U.S. lawmakers propose new bill aimed at weakening encryption technology that has hampered law enforcement in the past

Republican members of the U.S. Senate on Tuesday introduced the Access to Encrypted Data Act, which aims to weaken encryption technology that has hampered law enforcement actions in the past,media AppleInsider reported. Proponents call the bill a means of strengthening national security interests and “better protect communities across the country” by ending the “warrant-proof” encryption used by terrorists and bad actors.

U.S. lawmakers propose new bill aimed at weakening encryption technology that has hampered law enforcement in the past

If enacted, the law would force technology companies to help agencies obtain encrypted data to obtain search warrants.

Lindsey Graham, chairman of the Senate Judiciary Committee, and Senators Tom and Cotton Marsha Blackburn introduced the bill. “Technology companies are increasingly dependent on encryption and have turned their platforms into a new, lawless playground for criminal activity. Criminals, from child predators to terrorists, are making the most of it. Cotton said. “The bill will ensure that law enforcement can access encrypted material with a warrant for reasonable reason and help end the Wild West crime on the Internet.”

U.S. government entities, or law enforcement agencies, have long tried to dismantle strong encryption methods, including end-to-end message encryption, device encryption, and other forms of personal data security, to simplify investigations. Critics and technology companies that sell encryption products, such as Apple, argue that strong encryption is an important gear in data privacy machines and that users are vulnerable if weakened.

“Terrorists and criminals often use technology, whether smartphones, apps or other means, to coordinate and communicate their daily activities. In recent history, we have experienced many cases of terrorism and serious criminal activity, and even after the court order, we have no access to important information. Unfortunately, technology companies refuse to comply with these court orders and refuse to assist law enforcement in their investigations. Graham said in a statement.

Although no name was mentioned, Apple in 2016 refused to comply with the FBI’s request to create a “back door” for the iPhone linked to a terror suspect. Tim Cook, Apple’s chief executive, called the request “dangerous.” He noted that installing a “back door” on a single device would compromise the safety of millions of people.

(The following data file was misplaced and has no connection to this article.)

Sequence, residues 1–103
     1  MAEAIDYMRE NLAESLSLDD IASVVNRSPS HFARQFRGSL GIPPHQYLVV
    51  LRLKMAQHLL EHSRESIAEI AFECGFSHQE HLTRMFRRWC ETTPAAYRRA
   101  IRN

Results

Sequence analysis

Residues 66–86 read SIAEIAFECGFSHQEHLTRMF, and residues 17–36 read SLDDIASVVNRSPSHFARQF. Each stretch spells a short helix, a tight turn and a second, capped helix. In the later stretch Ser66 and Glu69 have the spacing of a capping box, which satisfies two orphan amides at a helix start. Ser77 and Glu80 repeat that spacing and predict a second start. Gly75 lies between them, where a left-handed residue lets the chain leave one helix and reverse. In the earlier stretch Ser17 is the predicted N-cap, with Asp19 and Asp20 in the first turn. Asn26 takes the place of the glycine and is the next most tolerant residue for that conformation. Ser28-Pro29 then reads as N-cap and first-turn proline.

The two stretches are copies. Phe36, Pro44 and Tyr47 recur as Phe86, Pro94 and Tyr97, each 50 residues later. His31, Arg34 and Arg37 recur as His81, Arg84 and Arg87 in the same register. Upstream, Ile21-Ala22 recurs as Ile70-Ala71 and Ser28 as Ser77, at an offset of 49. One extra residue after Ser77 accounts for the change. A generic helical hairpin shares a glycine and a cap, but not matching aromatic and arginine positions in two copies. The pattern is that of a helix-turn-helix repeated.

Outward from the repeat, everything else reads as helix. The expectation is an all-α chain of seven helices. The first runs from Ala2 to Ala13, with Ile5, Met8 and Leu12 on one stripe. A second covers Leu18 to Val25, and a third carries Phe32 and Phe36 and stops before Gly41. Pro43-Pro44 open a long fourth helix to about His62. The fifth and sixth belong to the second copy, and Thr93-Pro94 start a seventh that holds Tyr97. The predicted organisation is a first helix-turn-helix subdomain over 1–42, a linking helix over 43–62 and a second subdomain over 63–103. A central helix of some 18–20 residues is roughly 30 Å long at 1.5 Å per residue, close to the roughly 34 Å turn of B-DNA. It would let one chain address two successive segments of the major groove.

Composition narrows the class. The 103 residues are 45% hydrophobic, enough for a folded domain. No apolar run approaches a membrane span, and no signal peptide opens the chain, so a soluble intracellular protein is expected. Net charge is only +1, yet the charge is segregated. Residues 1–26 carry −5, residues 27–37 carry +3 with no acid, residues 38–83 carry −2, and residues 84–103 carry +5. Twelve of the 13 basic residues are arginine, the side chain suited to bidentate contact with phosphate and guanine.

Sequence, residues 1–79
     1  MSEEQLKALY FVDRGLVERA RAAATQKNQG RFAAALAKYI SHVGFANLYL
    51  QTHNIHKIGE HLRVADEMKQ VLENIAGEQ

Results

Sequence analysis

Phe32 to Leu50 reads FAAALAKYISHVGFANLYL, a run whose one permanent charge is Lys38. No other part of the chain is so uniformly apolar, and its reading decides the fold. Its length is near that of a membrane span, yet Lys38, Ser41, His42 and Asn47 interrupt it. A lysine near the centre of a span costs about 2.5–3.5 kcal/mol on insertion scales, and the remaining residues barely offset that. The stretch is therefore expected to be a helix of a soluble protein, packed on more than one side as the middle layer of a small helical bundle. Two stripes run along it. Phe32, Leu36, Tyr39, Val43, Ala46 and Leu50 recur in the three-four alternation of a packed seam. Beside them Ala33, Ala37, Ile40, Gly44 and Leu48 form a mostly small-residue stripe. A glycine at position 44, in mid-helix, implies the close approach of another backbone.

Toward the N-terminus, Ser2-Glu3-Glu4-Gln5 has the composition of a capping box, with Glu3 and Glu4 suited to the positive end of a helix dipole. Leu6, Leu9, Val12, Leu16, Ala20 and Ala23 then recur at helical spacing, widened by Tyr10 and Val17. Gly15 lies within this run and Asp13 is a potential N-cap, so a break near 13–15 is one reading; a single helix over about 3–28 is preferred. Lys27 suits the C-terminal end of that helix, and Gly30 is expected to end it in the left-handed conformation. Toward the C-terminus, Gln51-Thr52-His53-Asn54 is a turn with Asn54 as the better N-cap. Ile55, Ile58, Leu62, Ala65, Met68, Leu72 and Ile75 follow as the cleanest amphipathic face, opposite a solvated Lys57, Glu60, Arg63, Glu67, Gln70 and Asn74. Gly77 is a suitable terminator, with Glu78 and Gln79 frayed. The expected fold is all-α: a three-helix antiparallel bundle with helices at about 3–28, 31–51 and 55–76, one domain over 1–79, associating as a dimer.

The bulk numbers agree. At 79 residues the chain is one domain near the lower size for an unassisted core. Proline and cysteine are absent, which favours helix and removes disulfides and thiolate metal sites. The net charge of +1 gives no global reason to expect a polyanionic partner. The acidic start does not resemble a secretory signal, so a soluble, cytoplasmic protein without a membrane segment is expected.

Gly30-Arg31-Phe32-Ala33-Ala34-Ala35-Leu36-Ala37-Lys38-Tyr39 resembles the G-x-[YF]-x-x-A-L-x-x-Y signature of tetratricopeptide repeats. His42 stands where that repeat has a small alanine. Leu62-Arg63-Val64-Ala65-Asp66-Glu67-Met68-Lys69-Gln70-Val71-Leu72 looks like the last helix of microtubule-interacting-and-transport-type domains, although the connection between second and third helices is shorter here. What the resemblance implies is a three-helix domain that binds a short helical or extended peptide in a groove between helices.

Still, U.S. government agencies are holding on. “My position is clear: after law enforcement has the necessary court authorization, they should be able to retrieve information to assist in their investigation,” Graham said. “Our legislation respects and protects the right to privacy of law-abiding Americans. It also lets terrorists and criminals know that they will no longer be able to hide behind technology to cover their tracks. “

Although Apple strongly opposes the creation of a “backdoor”, it will still comply with court orders and valid data warrants under existing laws. Tuesday’s proposal includes a provision that would allow the attorney general to hold a contest to reward those who discover ways to access encrypted data while “maximizing privacy and security.” As CNET points out, security experts have long argued that this concept is impossible.

“The bill announced today balances the privacy interests of consumers with the public safety interests of the community and requires consumer equipment manufacturers to provide law enforcement with access to encrypted data when authorized by a judge,” U.S. Attorney General Bill Barr said in a statement, CNET reported. I believe that our world-class technology companies can design secure products that protect user information and allow legitimate access. “

The proposed bill is the latest attempt to weaken powerful encryption technologies developed by big technology companies. Last year, the White House mulled support for a ban on end-to-end encryption. Recently, Apple, Facebook and other companies have been threatened with weakening Section 230 protections if they continue to block malicious content behind encryption protocols.